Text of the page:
3. ^ "AT&T CEO Randall Stephenson to step down, COO Stankey to take over". CNBC. April 24, 2020.
  4. ^ "William Kennard to Become AT&T Board Chairman; Randall Stephenson Quoted". GovCon Wire. Retrieved 2020-12-02.
  5. ^ "Stephenson Profile". www.att.com (Press release).
  6. ^ Moritz, Scott; Smith, Gerry (24 October 2016). "AT&T Dealmaker Is a Carlos Slim Protege With a List in Cloud". Bloomberg.com.
  7. ^ "AT&T It Can Wait | Take the Pledge to Drive Distraction Free". about.att.com. Retrieved 2020-12-02.
  8. ^ "AT&T Chairman & CEO Randall Stephenson Named Chairman of Business Roundtable" (Press release). Business Roundtable. September 18, 2013. Retrieved June 20, 2018.
  9. ^ Brian Fung (September 30, 2016). "Watch AT&T's CEO give a forceful defense of Black Lives Matter". The Washington Post. Retrieved June 1, 2018.
  10. ^ Drew FitzGerald (June 12, 2018). "AT&T Chief Gambled and Won Big". The Wall Street Journal. Retrieved July 26, 2018.
  11. ^ "AT&T Names John Stankey C.E.O. as Randall Stephenson Plans to Retire". The New York Times. April 24, 2020. Retrieved January 11, 2021. John Stankey, a veteran of the company, will become its new chief executive starting July 1. He will take the reins from Randall L. Stephenson, who has led AT&T since 2007. Mr. Stankey, 57, became the chief operating officer last October and has managed the bulk of the company’s operations since then.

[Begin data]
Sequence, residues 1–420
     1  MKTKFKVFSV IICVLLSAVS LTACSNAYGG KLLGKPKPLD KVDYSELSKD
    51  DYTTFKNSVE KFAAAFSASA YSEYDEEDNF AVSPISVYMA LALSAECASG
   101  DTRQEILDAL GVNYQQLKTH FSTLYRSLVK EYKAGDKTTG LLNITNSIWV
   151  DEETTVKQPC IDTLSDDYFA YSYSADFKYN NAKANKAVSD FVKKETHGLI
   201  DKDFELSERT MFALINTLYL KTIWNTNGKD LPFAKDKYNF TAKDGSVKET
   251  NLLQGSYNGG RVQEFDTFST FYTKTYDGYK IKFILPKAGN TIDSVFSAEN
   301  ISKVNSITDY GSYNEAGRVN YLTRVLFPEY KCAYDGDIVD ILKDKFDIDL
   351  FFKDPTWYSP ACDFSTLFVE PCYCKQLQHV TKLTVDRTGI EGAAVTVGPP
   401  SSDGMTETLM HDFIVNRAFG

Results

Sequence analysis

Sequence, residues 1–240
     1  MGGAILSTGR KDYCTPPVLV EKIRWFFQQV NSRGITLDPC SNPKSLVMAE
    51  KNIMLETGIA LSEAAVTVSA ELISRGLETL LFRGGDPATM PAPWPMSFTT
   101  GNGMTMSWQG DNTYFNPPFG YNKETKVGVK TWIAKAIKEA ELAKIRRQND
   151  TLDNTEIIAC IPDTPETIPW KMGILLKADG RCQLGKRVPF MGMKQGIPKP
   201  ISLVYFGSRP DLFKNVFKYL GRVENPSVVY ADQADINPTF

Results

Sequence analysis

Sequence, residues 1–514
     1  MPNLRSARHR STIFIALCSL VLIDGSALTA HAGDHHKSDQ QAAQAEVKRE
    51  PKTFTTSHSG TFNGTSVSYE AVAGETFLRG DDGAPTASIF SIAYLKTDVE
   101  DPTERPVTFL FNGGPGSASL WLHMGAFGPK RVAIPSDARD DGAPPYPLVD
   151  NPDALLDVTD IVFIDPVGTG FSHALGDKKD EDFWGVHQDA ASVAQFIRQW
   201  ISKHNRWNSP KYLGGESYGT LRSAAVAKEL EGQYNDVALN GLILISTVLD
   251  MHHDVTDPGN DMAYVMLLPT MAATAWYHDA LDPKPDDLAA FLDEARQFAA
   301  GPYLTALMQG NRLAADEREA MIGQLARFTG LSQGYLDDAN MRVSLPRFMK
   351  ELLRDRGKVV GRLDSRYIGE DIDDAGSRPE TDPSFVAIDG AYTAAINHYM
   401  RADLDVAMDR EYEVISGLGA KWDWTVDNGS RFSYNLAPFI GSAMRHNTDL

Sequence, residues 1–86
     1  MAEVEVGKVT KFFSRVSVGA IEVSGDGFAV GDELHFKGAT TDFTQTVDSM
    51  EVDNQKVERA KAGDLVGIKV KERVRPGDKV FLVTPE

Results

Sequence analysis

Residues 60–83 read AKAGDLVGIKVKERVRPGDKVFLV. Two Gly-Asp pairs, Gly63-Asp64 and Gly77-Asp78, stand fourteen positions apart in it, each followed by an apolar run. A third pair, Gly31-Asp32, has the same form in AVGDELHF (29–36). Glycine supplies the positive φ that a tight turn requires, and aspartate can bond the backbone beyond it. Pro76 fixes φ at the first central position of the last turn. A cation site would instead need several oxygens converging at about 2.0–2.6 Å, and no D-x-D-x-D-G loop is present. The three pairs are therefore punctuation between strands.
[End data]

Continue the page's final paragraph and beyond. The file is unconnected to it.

12. ^ "AT&T Spins Off DirecTV After Losing Billions On Its TV Dreams". March 4, 2021. Retrieved July 5, 2021.
  13. ^ "AT&T Is Spinning Off WarnerMedia to Focus on Telecoms Again". May 18, 2021. Retrieved July 5, 2021.
  14. ^ "Randall Stephenson, AT&T CEO, elected BSA national president" (Press release). Scouting Magazine. 26 May 2016.
  15. ^ "Thank You, Randall Stephenson And Welcome, Jim Turley" (Press release). Boy Scouts of America. May 26, 2018. Retrieved June 20, 2018.
  16. ^ McGregor, Jena (July 19, 2012). "After Boy Scouts of America reaffirms exclusion of gays, the biggest leadership question remains". The Washington Post. Retrieved January 10, 2013.
  17. ^ "Membership Roster – Council on Foreign Relations". Cfr.org. Retrieved 2012-09-15.

External linksEdit

Boy Scouts of America
Preceded by
Robert Gates
President of the Boy Scouts of America
2016–2018
Succeeded by
Jim Turley